Andrew Cochrane one of our local grocers lived in Carleton Place, Ontario, in 1901. When Andrew Cochrane was born on September 18, 1857, in Oxford, Ontario, his father, John, was 59 and his mother, Mary, was 39. He married Elizabeth Campbell on September 8, 1886, in Lanark, Ontario. They had five children in 10 years. He died in 1935 in Edmonton, Alberta, at the age of 78.

Ottawa Journal 1899

His son Edwin Rathwell was born on December 21, 1889, in Almonte, Ontario. His daughter Ida West was born on August 9, 1891, in Lanark, Ontario. His daughter Eva Burnett was born on November 4, 1894, in Lanark, Ontario. His daughter Mary Mathilda was born on March 1, 1898, in Lanark, Ontario. His son John Campbell was born on June 17, 1900, in Carleton Place, Ontario. His son John Campbell passed away on October 30, 1902, in Lanark, Ontario, at the age of 2. His mother Mary Rathwell passed away on February 7, 1906, in Carleton Place, Ontario, at the age of 88.

Victorian Taxidermy

Name That Carleton Place Butcher? FOUND!!!

Local Women Wearing Hats– Photos Chica Boom Chica Boom

Shades of The Godfather in Dr. Preston’s Office in Carleton Place

The Curious World of Bill Bagg –The Deer Heads

Lloyd Hughes Carleton Place Grocer

Lloyd Hughes Carleton Place Grocer



By Mary Citizen special correspondent CARLETON PLACE

A quiet life-time resident of the town was named Citizen of Year this weekend. Lloyd Hughes, 83, who has lived in the same house for more than 68 years, said the award came as a complete surprise and he is still trying to figure out why he was picked. But the thunderous response of the large audience which gathered at the arena for the town’s Apreciation Night Dinner dispelled any fear that the mayor might have read the wrong name. Hughes admits that he has always been a “behind-the-scenes-man” and that he was too busy to take part in local government.

But there has never been any doubt in anyone’s mind that “Lloyd kicks with the right foot” as far as his federal and provincial politics are concerned. And he has always spoken out when he opposes something the government does or doesn’t do to his liking. But running a grocery store for more than 50 years gave him little time to become more than a critic or moral supporter of his favorite party, the Conservatives. In fact, his reputation as an honest businessman is one of the reasons he was considered for the Citizen of the Year Award.

And when Mayor Ted LeMaistre mentioned the grocery store Hughes ran for so many years, many old-timers who came to see their friend pick up his award said if it wasn’t for the Hughes brothers, many of the town’s poor during the Depression wouldn’t have been able to eat. Hughes always kept a few parcels of staples done up under the counter to hand out to those who didn’t have enough money to feed their families. One town native said the store carried many accounts during those dirty thirties’ knowing “they would never get their money.”

But those were the stories that never got told in public until Saturday night, and Hughes would much rather nobody talked about them. Two subjects he doesn’t mind discussing, however, are his 40 years as a volunteer on the St. James Anglican Church Cemetery board (he wanted to be sure the place was ready for him when he got there, he told the crowd) and his involvment with the hunter safety instruction program which he introduced to Carleton Place. A dedicated church worker, Hughes spent untold hours a year on cemetery work and his parish honored him five years ago for the 40 years he worked in the background.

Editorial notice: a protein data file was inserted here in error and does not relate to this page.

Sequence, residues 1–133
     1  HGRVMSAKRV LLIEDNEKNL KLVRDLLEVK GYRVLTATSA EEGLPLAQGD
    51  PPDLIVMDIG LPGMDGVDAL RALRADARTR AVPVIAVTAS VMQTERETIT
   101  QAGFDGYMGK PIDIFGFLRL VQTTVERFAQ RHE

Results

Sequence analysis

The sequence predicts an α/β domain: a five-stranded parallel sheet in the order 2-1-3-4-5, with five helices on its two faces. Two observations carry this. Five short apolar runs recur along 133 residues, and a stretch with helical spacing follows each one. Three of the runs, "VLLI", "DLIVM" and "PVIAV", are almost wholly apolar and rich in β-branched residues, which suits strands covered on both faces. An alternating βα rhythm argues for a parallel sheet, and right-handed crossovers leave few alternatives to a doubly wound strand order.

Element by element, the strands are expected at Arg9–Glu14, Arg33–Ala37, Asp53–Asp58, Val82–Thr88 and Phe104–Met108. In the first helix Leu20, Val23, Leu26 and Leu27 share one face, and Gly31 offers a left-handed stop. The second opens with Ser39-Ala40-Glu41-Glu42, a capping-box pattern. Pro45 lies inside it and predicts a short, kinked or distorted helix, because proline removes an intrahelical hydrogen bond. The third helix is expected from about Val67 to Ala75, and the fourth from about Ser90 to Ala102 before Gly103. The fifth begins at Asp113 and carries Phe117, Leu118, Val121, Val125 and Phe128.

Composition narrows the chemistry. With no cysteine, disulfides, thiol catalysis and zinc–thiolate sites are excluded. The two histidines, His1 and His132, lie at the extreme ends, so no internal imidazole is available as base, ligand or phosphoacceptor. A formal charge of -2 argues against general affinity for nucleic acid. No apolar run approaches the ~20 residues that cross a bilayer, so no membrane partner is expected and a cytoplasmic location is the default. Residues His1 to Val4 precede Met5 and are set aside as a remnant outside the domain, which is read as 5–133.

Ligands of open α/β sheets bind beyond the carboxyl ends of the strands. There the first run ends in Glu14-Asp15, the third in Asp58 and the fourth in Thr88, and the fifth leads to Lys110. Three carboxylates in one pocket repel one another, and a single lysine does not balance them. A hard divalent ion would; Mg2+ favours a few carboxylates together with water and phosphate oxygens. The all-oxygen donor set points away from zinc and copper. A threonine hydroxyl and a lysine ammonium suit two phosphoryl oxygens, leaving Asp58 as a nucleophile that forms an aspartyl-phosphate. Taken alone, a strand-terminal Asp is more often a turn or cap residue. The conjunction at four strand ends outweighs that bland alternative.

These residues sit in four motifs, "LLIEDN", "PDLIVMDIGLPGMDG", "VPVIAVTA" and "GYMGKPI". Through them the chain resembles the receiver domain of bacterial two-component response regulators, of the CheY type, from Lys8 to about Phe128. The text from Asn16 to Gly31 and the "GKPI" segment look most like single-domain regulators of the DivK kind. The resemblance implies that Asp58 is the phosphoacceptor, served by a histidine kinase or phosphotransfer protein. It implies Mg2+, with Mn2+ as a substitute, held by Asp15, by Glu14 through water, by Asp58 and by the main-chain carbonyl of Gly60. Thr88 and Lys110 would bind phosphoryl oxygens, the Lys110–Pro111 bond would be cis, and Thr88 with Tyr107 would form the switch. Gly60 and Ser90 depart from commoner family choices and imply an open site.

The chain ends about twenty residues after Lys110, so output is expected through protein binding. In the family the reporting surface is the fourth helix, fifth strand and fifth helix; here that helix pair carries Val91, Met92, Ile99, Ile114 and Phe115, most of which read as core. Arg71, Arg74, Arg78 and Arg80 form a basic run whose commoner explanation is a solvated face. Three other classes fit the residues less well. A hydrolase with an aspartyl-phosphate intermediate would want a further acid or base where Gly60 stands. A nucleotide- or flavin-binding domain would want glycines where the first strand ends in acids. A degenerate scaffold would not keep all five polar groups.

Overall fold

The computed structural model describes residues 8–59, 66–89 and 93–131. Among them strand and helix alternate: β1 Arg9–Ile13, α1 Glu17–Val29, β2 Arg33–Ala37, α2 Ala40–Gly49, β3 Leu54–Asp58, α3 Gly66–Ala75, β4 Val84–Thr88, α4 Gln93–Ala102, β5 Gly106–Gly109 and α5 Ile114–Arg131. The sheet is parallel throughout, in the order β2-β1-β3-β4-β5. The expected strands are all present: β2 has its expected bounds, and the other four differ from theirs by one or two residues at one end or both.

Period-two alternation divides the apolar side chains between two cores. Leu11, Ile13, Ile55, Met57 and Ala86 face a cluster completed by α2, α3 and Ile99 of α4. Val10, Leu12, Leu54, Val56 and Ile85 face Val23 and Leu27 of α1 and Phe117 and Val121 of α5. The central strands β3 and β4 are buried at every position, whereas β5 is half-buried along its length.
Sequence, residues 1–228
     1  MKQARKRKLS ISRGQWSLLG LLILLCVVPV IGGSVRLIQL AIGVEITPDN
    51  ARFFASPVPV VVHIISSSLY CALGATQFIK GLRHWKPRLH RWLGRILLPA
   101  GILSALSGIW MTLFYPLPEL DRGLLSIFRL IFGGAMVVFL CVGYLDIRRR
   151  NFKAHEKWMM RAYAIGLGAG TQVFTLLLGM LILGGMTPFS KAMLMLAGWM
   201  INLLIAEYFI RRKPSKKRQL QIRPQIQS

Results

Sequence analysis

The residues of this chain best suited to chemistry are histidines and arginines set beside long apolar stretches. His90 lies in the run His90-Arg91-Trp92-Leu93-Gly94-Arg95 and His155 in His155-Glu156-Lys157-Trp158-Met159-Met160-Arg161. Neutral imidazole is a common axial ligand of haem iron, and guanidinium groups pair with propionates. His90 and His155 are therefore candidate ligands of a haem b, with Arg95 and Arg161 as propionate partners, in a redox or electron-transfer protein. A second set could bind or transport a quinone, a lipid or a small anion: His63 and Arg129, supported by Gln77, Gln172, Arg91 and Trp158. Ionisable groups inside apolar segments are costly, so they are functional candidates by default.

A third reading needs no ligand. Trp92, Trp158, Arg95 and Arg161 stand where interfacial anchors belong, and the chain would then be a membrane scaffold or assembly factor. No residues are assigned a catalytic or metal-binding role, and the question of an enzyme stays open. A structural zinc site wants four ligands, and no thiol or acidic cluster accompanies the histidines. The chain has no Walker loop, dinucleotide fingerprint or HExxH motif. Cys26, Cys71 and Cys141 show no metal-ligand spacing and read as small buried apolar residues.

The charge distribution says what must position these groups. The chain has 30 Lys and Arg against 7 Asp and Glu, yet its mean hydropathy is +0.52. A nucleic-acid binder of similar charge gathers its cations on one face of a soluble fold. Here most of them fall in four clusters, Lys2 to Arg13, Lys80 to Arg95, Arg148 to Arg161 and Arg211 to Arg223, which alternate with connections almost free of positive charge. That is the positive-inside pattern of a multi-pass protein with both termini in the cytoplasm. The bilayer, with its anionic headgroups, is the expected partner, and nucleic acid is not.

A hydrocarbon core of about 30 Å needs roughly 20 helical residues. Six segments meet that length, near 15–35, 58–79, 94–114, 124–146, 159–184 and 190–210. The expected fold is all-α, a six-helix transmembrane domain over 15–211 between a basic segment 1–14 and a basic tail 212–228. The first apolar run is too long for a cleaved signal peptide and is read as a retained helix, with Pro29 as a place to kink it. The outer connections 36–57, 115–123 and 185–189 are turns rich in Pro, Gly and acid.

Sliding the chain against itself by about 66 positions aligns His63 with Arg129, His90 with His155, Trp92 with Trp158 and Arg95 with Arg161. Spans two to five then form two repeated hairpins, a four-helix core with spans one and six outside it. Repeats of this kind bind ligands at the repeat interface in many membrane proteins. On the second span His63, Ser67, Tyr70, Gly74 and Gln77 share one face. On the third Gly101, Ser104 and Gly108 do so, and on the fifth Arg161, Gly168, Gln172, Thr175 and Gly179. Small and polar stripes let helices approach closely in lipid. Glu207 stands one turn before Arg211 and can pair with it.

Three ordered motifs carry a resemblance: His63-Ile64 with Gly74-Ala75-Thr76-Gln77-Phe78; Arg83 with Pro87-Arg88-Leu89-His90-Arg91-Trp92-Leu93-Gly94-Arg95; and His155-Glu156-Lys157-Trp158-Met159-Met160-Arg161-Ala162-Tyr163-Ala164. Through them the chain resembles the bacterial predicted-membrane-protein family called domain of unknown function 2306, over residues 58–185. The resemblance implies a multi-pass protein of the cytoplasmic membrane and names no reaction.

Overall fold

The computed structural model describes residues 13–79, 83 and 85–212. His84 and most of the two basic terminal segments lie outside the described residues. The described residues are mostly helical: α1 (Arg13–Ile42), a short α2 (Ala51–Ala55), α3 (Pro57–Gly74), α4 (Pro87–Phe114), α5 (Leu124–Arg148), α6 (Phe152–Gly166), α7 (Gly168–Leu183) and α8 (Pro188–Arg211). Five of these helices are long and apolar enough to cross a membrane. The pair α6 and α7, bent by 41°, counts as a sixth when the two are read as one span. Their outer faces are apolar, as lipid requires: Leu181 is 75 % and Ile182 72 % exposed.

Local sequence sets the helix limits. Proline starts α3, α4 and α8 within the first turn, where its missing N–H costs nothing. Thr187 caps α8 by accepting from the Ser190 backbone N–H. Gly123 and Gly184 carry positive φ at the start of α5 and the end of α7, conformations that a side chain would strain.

He has always been an avid duck hunter, but had been concerned about the lack of safety instruction available to hunters, especially the young. So he introduced the program which has been running for years. He recalls the year 1923 when he brought down 30 ducks in one day on the Mississippi. “That was before the limits came in,” he said. He was one of the original Raggedy Seven hockey team that gained local fame from 1912 to 1915 and went on to organize many hockey leagues for the town’s young boys when he no longer played the sport himself.

In 1950 he was part of the Carleton Place war canoe team that won the Canadian championship. And as he shows off a large frame picture of that crew with oars at rest, just off-shore in front of the old canoe club, he notes that of the original 1 5 paddlers only four are still living. But Lloyd Hughes says it has been a good life. His wife Jean and he never had a family, but the neighborhood children have been his family for years. And when the townspeople heard that he had been picked as Citizen of the Year, there wasn’t one who wasn’t overjoyed

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Photos-Carleton Place and Beckwith Heritage Museum


127-131 Bridge Street Carleton Place Circa 1870

The first storey storefronts of this building have been modified from the original glass windows for easier viewing of merchandise–hence the different colours of brick. 127-131 Bridge Street has housed a number of different businesses including pharmacies, clothing stores, grocery stores, and poolrooms.

The Hughes family bought the pharmacy from Dr. Preston in 1905.

W. J. Hughes Rexall Drug store was located on the corner and Thomas Lloyd Hughes born in 1897 along with his brother Harold until they each decided to run a smaller store at the opposite  ends of town. Lloy’s store was on Moffatt Street and Harold on Lake Ave West. For 50 years they were in groceries together and then the store was sold to Thomas’s nephew and for 12 years Thomas drove a butcher wagon. There was a dark room at the rear of the store where Mr. Hughes tested your eyes for glasses. You could buy a roll of film #116 for a Brownie Box camera for 25 cents and for $1.25 he would send it away to be developed.

The folks in Carleton Place will always remember the Rexall Drug annual 1 cent sale and every local household stocked up on cough medicine, cough drops, peroxide and all sorts of liniment. Some of the clerks that worked there were: Olive Dick, Ruby Voyce, and John Briscoe and Wilbert Robertson.

Harvey Asselstine attended the Ontario College of Pharmacy in 1929. In 1944, he
returned to Carleton Place and bought the drugstore at the corner of Bridge and
Franklin, from W.J. Hughes who operated it for 38 years. Betty Findlay and Mary Cook both worked at Assestine’s Pharmacy.  In the rear of Asselstine’s drug store the CPR Telegraph operated during the 1950s. Asselstine expanded his drug store and bought out Hughes Grocery. In 2006 the Athen’s Corners Restaurant  was located there.

Taber and McCrae operated a Men’s and Boy’s clothing store within Struther’s Block, which later became a pool hall  (next door) operated by Mel Barclay. Charlie Giroux, who only had one arm took over the pool hall then Ab Dowseth from Smiths Falls operated it for a short time but when McCann and Porter gained ownership they moved the pool hall to the old Bank of Commerce.

Jeremy Stinson— That corner was, for much of my childhood, the home of the Blossom Shop. Back before the one way street.

So Where Was that Sign? MacGregor’s Body Shop — Hughes Grocery — Asselstine and Shwerdtfeger’s


1933 Canadian From Christopher Trotman